Difference between revisions of "CPAP"

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[[File:CPAP.png|thumb|CPAP Therapy]]
 
CPAP stands for Continuous Positive Airway Pressure and is the gold standard treatment for [[obstructive sleep apnea]]. In CPAP, an electric or battery powered device is used that uses a pump to pressurize the room air to a set pressure of anywhere between 4 cm of H2O to 20 cm of H20. If the pressure is not preset and is automatically determined by the machine using certain algorithm built in to the machine, it is called auto PAP (Automatic Positive Airway Pressure).
 
CPAP stands for Continuous Positive Airway Pressure and is the gold standard treatment for [[obstructive sleep apnea]]. In CPAP, an electric or battery powered device is used that uses a pump to pressurize the room air to a set pressure of anywhere between 4 cm of H2O to 20 cm of H20. If the pressure is not preset and is automatically determined by the machine using certain algorithm built in to the machine, it is called auto PAP (Automatic Positive Airway Pressure).
  

Revision as of 20:05, 16 June 2019

CPAP Therapy

CPAP stands for Continuous Positive Airway Pressure and is the gold standard treatment for obstructive sleep apnea. In CPAP, an electric or battery powered device is used that uses a pump to pressurize the room air to a set pressure of anywhere between 4 cm of H2O to 20 cm of H20. If the pressure is not preset and is automatically determined by the machine using certain algorithm built in to the machine, it is called auto PAP (Automatic Positive Airway Pressure).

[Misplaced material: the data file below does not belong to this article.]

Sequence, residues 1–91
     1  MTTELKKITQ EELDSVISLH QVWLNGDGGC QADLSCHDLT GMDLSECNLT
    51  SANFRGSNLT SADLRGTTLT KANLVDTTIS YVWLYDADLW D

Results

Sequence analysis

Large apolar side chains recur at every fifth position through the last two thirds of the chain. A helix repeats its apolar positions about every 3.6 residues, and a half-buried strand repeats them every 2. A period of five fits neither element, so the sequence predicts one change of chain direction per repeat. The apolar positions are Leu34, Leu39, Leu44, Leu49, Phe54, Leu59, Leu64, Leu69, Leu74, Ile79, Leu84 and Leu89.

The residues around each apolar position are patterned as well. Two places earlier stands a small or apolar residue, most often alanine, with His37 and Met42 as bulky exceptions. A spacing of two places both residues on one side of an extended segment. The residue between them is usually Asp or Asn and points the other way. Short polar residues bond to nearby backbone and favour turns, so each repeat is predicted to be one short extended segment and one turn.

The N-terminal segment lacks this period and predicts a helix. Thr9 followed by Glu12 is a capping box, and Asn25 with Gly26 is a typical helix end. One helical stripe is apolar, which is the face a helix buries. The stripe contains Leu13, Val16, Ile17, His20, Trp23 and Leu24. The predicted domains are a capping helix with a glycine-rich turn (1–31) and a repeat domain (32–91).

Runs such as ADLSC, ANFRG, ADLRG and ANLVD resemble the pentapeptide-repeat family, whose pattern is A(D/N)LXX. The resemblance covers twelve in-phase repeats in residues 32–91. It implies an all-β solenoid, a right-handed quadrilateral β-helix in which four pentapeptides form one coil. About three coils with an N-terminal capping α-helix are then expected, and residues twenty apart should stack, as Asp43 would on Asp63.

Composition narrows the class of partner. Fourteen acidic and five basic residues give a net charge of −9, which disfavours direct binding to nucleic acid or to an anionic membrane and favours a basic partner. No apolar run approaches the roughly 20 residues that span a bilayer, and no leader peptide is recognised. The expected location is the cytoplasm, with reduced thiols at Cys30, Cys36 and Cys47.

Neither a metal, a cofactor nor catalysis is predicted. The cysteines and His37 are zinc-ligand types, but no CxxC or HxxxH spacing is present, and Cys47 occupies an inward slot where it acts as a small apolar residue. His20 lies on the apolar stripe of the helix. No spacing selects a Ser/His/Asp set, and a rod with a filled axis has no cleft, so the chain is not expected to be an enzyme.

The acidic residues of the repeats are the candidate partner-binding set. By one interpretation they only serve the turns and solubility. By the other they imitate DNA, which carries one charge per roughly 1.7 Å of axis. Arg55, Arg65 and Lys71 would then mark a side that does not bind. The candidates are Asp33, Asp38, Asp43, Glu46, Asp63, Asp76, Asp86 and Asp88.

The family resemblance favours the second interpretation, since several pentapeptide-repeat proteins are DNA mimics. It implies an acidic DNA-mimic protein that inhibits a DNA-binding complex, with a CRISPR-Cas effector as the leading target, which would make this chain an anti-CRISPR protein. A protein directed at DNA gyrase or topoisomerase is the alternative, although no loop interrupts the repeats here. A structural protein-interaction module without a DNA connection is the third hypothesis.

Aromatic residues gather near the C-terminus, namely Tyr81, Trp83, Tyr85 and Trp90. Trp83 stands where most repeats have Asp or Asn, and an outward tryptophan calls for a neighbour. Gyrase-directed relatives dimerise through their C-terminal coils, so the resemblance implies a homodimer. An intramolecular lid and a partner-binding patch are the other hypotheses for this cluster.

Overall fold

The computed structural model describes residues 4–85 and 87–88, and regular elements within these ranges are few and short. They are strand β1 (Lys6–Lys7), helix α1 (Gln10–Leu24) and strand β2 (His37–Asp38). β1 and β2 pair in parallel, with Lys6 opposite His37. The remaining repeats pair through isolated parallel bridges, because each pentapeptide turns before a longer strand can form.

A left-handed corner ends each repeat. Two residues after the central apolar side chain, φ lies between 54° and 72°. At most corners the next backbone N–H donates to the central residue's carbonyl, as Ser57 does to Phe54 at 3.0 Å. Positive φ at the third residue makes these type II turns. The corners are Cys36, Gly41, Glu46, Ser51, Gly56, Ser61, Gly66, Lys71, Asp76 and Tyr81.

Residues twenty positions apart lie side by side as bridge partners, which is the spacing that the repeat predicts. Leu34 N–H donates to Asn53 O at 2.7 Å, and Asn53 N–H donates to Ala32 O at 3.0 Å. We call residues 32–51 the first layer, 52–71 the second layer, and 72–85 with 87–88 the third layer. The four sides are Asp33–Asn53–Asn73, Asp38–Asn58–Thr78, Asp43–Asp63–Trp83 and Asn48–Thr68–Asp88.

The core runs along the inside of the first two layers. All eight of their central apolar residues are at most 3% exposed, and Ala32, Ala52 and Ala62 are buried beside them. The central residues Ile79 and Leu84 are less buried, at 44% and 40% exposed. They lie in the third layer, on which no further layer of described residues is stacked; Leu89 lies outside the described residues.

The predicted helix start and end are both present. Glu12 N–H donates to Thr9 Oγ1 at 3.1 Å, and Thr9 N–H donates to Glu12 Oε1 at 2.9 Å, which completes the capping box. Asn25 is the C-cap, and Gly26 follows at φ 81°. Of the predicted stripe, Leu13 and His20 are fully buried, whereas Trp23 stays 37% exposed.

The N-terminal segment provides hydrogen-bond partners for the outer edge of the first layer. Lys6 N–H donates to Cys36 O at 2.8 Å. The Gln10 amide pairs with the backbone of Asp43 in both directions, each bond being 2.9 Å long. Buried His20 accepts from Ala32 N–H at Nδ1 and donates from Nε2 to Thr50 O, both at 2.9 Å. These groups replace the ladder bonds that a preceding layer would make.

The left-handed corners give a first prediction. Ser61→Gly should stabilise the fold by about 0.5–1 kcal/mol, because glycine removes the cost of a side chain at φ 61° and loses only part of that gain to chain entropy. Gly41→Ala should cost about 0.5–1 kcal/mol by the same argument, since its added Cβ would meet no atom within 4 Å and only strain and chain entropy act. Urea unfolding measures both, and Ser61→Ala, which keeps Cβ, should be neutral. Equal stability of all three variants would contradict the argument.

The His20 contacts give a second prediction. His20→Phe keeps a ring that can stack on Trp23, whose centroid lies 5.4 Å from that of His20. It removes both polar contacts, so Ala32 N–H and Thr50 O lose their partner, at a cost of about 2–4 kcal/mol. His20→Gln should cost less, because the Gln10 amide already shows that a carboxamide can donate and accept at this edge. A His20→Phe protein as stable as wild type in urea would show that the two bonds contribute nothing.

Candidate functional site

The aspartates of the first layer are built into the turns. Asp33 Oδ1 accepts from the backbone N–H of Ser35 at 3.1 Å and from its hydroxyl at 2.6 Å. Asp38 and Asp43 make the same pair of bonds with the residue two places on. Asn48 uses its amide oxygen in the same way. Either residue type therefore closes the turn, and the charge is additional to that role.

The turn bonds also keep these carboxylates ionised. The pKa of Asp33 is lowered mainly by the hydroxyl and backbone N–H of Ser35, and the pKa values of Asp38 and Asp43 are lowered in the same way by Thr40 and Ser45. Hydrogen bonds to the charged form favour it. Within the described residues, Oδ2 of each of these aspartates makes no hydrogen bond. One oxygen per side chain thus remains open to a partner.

It involves using a CPAP machine that includes a mask or other device that fits over your nose or your nose and mouth, straps to position the mask, a tube that connects the mask to the machine’s motor, and a motor that blows air into the tube. CPAP is used to treat sleep-related breathing disorders including sleep apnea. It also may be used to treat preterm infants who have underdeveloped lungs.

If your doctor prescribes CPAP over other treatment options for your sleep apnea, your insurance will work with a medical device company to provide you with a CPAP machine and the disposable mask and tube. Your doctor will set up your machine with certain pressure settings. After using your machine for a while, your doctor and possibly your insurance company will want to check the data card from your machine to confirm that you are using your CPAP device and to see if the machine and its pressure settings are working to reduce or eliminate apnea events while you sleep.

For the treatment to work, you should use your CPAP machine every time you sleep at home, while traveling, and during naps. Getting used to using your CPAP machine can take time and requires patience. Your doctor may need to adjust your pressure settings for you. You may have to work with your sleep doctor to find the most comfortable mask that works best for you, to try the humidifier chamber in your machine, or to use a different CPAP machine that allows multiple or auto-adjusting pressure settings.

Some patients notice immediate improvements after starting CPAP treatment, such as better sleep quality, reduction or elimination of snoring, and less daytime sleepiness. Equally important are the long-term benefits that you cannot notice, such as helping to prevent or control high blood pressure, lowering your risk for stroke, and improving memory and other cognitive function.

Side effects of CPAP treatment may include congestion, runny nose, dry mouth, or nosebleeds. If you experience stomach discomfort or bloating, you should stop using your CPAP machine and contact your doctor immediately. Some masks can cause irritation. Your doctor can help you find ways to relieve these symptoms and adjust to using your CPAP machine. It is important that you clean your mask and tube every day and refill your medical device prescription at the right time to replace the mask and tube to ensure the treatment continues to work.

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